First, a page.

Will turning off your phone daily prevent cyberattacks? 2023

Prime Minister Anthony Albanese advises Australians to avoid cyberattacks.

Last week, he advised people to switch off their phones for five minutes while brushing their teeth. “This is our job.”

After high-profile hacking of Optus, Medibank, and most recently, government-contracted legal firm HWL Ebsworth, the private sector is on notice to prevent cyberattacks that might affect Australians.

In a world of internet dangers, Albanese’s message was supposed to “mobilize” smartphone users to be more tech-savvy.

The Australian Signals Directorate’s Australian Cyber Security Centre advises turning off cellphones when not in use, and the US National Security Agency advised turning them off once a week in 2020.

Some cybersecurity experts dispute whether the recommendation was appropriate.

Risk profile, according to Australian National University national security specialist Katherine Mansted.

“For high-risk people like the prime minister, that extra layer of things like turning your phone off occasionally might be good advice. “Most of us need to nail the basics of cyber hygiene,” Mansted added.

Software upgrades, strong passwords, multifactor authentication, and not clicking on scam SMS are the essentials.

Security consultant Troy Hunt called the prime minister’s suggestion absurd.

Five minutes? One minute? He said, “Why not 10 minutes?” since cellphones were built to function 24/7.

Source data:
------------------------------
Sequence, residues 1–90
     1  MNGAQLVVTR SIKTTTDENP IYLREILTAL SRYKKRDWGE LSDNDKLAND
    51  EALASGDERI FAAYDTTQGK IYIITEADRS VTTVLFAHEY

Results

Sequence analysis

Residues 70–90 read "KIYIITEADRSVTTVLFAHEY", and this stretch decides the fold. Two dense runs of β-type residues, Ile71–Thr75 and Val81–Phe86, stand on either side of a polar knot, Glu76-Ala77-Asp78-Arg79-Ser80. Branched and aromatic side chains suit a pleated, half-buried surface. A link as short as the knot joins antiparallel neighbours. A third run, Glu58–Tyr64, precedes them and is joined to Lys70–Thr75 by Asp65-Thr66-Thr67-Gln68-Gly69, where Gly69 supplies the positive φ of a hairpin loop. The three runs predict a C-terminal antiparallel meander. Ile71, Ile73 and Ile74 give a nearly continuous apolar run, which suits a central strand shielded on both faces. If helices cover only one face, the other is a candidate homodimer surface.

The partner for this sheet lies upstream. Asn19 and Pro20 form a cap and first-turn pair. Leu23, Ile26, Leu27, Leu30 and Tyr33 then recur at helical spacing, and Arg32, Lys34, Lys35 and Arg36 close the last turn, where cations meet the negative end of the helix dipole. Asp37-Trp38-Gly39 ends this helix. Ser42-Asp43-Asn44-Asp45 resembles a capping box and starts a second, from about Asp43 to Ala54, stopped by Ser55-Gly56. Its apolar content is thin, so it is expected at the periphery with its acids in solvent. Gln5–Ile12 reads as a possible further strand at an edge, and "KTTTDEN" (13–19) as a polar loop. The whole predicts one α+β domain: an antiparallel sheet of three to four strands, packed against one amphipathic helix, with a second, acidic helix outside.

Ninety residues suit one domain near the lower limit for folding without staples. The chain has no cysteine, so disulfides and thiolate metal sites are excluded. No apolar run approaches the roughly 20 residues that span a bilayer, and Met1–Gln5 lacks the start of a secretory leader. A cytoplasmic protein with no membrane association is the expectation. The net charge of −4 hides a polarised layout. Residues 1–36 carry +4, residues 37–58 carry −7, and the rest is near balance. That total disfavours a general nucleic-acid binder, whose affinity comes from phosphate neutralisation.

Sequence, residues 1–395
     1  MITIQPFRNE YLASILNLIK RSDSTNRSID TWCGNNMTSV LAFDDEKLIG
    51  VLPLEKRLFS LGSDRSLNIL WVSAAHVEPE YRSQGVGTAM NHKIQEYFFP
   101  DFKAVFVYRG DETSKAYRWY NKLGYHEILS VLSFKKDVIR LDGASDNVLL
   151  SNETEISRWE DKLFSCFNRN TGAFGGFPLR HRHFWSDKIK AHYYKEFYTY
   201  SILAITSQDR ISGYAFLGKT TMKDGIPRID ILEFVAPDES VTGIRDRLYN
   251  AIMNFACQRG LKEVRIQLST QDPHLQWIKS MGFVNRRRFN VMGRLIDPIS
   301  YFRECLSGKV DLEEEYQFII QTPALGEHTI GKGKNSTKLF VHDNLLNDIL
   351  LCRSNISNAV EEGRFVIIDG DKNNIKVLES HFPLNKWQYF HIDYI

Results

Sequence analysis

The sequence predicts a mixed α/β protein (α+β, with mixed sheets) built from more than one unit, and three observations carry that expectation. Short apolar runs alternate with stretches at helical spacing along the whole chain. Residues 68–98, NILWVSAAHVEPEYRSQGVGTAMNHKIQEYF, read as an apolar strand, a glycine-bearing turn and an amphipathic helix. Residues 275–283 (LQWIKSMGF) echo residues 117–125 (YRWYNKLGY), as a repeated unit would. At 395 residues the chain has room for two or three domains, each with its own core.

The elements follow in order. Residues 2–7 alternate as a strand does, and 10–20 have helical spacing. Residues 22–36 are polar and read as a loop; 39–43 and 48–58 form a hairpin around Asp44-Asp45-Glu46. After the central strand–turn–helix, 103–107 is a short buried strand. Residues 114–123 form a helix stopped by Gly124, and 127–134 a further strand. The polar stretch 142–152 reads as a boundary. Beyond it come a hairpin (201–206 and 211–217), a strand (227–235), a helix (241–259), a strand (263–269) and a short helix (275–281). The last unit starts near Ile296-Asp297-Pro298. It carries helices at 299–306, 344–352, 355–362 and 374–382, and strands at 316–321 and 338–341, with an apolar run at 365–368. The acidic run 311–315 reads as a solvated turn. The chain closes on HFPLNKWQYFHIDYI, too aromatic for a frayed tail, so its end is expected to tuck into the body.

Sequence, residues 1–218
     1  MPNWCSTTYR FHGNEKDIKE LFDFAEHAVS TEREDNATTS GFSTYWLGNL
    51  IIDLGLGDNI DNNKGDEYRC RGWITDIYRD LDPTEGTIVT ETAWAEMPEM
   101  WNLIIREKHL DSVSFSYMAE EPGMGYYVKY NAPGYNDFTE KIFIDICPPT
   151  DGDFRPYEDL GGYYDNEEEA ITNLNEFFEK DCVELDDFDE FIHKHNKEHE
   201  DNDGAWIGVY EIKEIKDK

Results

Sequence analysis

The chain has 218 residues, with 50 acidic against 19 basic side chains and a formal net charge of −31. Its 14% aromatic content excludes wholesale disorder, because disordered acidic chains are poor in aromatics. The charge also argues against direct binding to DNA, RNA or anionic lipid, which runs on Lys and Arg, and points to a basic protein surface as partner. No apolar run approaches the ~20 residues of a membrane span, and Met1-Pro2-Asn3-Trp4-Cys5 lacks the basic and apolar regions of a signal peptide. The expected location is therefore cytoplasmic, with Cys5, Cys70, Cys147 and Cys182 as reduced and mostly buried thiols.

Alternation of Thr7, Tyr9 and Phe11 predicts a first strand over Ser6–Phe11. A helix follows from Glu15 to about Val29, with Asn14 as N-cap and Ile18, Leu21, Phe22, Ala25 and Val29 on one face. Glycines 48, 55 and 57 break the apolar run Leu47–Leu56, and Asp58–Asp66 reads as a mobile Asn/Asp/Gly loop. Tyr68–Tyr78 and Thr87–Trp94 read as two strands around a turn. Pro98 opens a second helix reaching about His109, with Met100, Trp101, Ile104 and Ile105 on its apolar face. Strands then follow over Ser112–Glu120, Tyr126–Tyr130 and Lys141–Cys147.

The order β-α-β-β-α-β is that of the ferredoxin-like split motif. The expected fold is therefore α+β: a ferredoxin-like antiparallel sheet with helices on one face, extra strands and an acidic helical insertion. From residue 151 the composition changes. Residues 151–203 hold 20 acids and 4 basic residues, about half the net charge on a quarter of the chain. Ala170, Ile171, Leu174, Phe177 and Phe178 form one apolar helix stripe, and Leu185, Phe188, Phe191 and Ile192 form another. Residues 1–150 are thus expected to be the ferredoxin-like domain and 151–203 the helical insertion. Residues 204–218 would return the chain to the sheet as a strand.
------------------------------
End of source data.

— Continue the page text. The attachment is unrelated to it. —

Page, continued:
Hunt claimed current cellphones were “extraordinarily” immune to malware, and that the probability of some of it being installed on devices without user prompts was so unusual that there were large incentives for flaws.

He claimed international leaders and political dissidents are targeted because they have great value.

He advised most people to download certified programs from app stores and understand their permissions before installing.

Albanese’s suggestion was aimed at “quite sophisticated” cybercriminal behavior, and resetting a smartphone might just postpone the removal of crucial information.

“Last year, the ACCC reported over $3 billion in scam losses. He stated we should focus our consumer efforts on preventing individuals from falling prey to those things.

However, Cyber Security Cooperative Research Centre CEO Rachael Falk advised shutting off your phone often.

“Turning it off every 24 hours will wipe some, but not all, exploits from your phone,” she added. Falk understood “exploits” as hacks or harmful programs installed on the phone by clicking a questionable link.

She said turning it off could eliminate the infection, but more dangerous software might require wiping the device.

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